You may hear a lot of people say that Myanmar is an up and coming tourist destination and to get there before it changes. In Yangon and Mandalay I saw very few tourists, while Bagan was nearly exclusively tourists, though I expected more. However, if you want to find westerners, hit the trails between the village of Kalaw and Inle Lake. This hike has become wildly popular, but for good reason!
Getting to Kalaw
From Mandalay, we were able to arrange a ride in a van-like bus that Scooby Doo and crew may use to investigate a mystery. Although the bus was suffering from age-related wear and tear, the inside was decorated with Victorian era curtains. Once the bus was loaded up we started on our way and continuously stopped to pick up more passengers despite the lack of any available seats. We had a quick lunch pitstop and devoured some budget-friendly soup ($1 USD) made from what can only be described as the whole chicken…like all of the parts.
What is Kalaw Like?
Upon arriving in Kalaw, we were ready for a second lunch. Considering we were about to embark on a grueling 3 day trek, the only satisfactory fuel could come from a restaurant named Everest. Such a coincidental connection was not lost on us. We briefly explored the town and stocked up on some essentials for the trek like snacks and a bottle of water. Then it was time to eat again. You know how runners gorge on pasta before a big race (so I’ve heard…I’m no runner but I’m a sucker for spaghetti, penne, any shape really). Anyway, us hikers needed to get our pizza on.
Now, I consider myself well-traveled. Literally the entire world has pizza. It is everywhere. In Puno, Peru there were far more pizza offerings than anything local. The point is that I prefer to eat local cuisine when I travel, and the ONE TIME I require pizza to properly fuel my body before a physical task, THERE ISN’T ANY. We searched high and low and I ended up having to eat my favorite Burmese tomato salad, blargh. Not pizza. However, there is hope for future trekkers. We spotted a pizza oven at an Italian restaurant. It was new and not in use yet (we asked!) Which means, soon there should be pizza available worldwide, including Kalaw. As you may deduce, there isn’t much to do in Kalaw besides eat and leave for your trek. There are also a couple of temples and markets to check out.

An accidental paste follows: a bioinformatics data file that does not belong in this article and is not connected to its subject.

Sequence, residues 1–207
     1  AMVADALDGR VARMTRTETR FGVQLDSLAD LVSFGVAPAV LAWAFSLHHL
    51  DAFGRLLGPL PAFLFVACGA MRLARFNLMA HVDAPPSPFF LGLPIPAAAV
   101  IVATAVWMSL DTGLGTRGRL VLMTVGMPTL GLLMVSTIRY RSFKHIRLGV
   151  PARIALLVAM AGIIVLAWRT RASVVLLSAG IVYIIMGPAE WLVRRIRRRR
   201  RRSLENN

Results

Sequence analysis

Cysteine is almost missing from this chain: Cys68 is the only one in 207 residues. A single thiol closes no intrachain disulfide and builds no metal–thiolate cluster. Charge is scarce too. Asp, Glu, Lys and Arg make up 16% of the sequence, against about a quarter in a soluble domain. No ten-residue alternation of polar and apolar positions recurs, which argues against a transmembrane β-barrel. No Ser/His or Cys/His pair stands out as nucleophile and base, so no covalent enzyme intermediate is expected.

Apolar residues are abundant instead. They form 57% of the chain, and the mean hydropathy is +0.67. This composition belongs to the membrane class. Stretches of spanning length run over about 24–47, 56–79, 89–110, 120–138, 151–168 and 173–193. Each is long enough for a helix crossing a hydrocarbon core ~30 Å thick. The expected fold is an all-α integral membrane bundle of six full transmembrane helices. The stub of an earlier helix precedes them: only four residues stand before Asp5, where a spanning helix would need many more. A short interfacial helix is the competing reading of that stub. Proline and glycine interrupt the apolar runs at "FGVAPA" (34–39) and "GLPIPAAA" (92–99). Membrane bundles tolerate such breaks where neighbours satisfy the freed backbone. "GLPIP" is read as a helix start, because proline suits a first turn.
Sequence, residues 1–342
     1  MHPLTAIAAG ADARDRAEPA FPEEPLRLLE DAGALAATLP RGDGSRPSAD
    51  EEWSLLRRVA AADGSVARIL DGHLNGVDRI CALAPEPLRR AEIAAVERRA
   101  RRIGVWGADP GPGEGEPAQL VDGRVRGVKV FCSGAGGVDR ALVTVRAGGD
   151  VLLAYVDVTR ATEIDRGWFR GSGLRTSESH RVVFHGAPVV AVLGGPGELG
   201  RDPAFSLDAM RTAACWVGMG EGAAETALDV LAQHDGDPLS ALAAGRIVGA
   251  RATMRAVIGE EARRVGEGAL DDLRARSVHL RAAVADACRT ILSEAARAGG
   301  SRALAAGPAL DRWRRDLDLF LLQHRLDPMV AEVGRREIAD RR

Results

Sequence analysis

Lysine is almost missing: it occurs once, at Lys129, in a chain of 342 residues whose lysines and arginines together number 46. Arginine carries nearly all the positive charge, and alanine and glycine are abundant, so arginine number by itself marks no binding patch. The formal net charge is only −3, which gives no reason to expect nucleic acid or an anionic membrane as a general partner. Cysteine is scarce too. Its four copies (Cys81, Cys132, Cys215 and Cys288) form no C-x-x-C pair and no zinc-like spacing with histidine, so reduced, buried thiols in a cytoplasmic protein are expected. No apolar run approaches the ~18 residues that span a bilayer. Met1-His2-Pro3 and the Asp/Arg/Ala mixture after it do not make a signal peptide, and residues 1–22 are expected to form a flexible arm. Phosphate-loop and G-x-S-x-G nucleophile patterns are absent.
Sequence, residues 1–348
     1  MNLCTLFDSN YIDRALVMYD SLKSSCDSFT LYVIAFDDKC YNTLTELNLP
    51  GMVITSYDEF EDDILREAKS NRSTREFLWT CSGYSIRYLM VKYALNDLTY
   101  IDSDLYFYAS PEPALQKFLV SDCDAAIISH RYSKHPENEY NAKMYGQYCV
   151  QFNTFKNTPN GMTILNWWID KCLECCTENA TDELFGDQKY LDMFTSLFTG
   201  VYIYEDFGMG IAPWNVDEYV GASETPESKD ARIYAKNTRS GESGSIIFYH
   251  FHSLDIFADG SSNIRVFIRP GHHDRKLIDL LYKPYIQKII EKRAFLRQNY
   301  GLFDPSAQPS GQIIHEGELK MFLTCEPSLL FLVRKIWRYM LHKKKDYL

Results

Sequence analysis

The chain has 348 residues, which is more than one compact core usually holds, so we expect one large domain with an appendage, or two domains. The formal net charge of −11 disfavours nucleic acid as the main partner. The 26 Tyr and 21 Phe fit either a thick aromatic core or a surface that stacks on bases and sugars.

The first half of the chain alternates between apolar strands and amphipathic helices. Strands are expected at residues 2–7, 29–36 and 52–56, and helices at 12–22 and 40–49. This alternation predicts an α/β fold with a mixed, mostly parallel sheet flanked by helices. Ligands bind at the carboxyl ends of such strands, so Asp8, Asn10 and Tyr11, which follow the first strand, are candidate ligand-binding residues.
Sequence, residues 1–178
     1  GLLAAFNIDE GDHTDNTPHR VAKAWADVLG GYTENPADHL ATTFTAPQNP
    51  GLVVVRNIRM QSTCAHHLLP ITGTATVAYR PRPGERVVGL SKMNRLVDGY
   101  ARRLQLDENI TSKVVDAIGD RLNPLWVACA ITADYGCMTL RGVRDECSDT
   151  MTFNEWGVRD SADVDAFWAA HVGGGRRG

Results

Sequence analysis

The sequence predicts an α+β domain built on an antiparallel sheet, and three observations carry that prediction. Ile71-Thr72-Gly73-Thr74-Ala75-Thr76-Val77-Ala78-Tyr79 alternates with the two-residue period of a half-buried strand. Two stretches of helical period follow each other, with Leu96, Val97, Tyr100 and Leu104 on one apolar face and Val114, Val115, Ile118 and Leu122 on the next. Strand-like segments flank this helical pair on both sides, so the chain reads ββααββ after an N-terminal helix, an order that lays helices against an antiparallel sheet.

Which Trekking Company Did You Use?
Another order of business upon arriving in Kalaw was to meet with our trekking company, Eversmile. We had booked our 3 day 2 night trek over the phone just a couple of days prior to arrival. They also offer 2 day 1 night treks if you are shorter on time (you will be driven to meet the group of 3 day trekkers on day 2 of their hike). We paid 40,000 kyat (~$30 USD) which included meals, 2 nights accommodation, an English-speaking guide, bag transfer to Inle Lake, a boat ride in Inle lake, and pick up before the trek. You can’t beat that price! The company was professional, relatively organized and made the whole experience worthwhile.
What Will You See on the Hike?
Well if this isn’t the perfect segue to post a bunch of photos, I don’t know what is.
Is the Trek Difficult?
The hike has several sets of challenges. The first two days require about seven hours of walking each and the final day is a bit shorter. There are some uphill components, extremely muddy patches (season dependent), and unsteady river crossings. There are also alternative routes, so you can decide as a group to take a potentially easier path. I found some of my group members walked faster than me and some slower. We took breaks every hour or so to regroup, drink water and tea, and catch our breath. The trek is very doable for any fitness level and the elements pose a greater challenge than the trek itself. For instance, the uphill would not have been so difficult if it hadn’t just started pouring and become extremely slippery. And my blisters would not be forming if I hadn’t stepped in a huge puddle and gotten my feet wet. If you are worried about your level of fitness, I still encourage you to try. We were able to all go at our own pace and the guide was good about checking on everyone.